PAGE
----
Carole has a senior role in banking after a troubled childhood; her husband invested in Amma's play. Bummi is Carole's mum and struggles with what she sees as her daughter's abandonment of their heritage. LaTisha was a school-mate of Carole's and has also turned her life round, but in very different ways.
Shirley was Carole and LaTisha's teacher and is Amma's boring friend. Winsome is Shirley's mum, who worked hard to give her children opportunities. Penelope is a colleague of Shirley's and was initially hostile to her but they've become allies over time and through adversity.
Megan/Morgan is a young trans man with a huge following on social media, has met Yazz before and - by coincidence - is in the audience of Amma's new play. Hattie is Morgan's 93 year-old grandmother who has - we come to realise - a connection to Penelope. Grace was Hattie's mum, who overcame numerous tragedies but died young.
After chapters devoted to each of these 12 women in turn, we catch up with some of them at the opening night of Amma's play, and then an epilogue makes a further connection. Following these myriad connections, the same events can seem completely different. But the real revelations are in understanding how these people got to where they are. There are secrets, abuses, horrible and haunting stuff, and yet this is a book about struggles that overcome difficulty, prejudice, tragedy.
Evaristo makes each of her characters vivid and real - not only the 12 principle players but the supporting characters, including the legion of men who shape these women's lives. I felt I knew these people, and there's a thrill of excitement when a connection is made and a window opened on the life of what we thought was a passing acquaintance. These people are complex, contradictory, some hold objectionable views or do awful things. Most are just trying to get by. And because we come to understand them, we admire their resilience and we share their joy.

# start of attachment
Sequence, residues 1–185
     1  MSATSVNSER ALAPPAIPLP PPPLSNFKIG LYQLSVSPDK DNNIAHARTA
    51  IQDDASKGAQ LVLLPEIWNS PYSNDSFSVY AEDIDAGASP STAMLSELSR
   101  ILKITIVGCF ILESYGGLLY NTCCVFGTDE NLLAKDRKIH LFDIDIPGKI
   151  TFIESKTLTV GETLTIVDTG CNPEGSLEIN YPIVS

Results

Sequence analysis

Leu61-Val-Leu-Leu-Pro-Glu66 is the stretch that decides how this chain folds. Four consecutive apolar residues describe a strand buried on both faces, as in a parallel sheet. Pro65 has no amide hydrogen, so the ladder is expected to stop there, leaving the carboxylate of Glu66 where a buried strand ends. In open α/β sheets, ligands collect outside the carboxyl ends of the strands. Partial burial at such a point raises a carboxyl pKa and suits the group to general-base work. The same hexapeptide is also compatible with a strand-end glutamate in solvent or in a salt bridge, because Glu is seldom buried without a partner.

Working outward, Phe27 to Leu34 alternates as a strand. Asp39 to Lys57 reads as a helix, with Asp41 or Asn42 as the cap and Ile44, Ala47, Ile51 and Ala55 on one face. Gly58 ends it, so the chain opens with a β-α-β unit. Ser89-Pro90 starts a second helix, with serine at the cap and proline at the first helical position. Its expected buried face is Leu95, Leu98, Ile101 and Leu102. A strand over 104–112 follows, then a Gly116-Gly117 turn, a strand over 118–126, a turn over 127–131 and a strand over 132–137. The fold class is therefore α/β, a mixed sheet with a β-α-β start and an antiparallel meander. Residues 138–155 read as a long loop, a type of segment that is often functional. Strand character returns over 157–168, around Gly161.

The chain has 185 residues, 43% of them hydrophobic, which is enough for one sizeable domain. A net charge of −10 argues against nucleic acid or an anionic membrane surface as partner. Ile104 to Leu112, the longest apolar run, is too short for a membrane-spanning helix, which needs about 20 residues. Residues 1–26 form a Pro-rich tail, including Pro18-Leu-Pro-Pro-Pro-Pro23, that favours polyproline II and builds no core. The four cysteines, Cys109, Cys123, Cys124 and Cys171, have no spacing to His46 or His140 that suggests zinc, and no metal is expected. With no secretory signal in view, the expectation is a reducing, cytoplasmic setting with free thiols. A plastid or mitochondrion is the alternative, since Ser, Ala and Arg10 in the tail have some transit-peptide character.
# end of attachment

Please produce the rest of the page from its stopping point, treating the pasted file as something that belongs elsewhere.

Along the way, Evaristo covers a lot of ground - the history of feminism, changing attitudes to race and sexuality, stuff about class and property and entitlement, a whole miso-mash of culture. Many of her characters rant, but she frequently punctures pomposity by having other people yawn or answer back. The result is it feels deceptively light and agile, but is heavyweight.
I admit I was deceived to begin with and couldn't understand the fuss. But by halfway I was hooked, and can see why this won last year's Booker Prize (along with Margaret Attwood's The Testament.) It's made me think a lot about identity, my own and other people's, and how what we are - or think ourselves to be - can define how others see us and what we are able to do.
This is also a perfect book for lockdown: 12 separate people, thinking over their lives in isolation but connected to each other. They flourish when they communicate, when they are honest and kind. It's a book about tolerance, acceptance and how we endure. The struggle is long but we'll get there.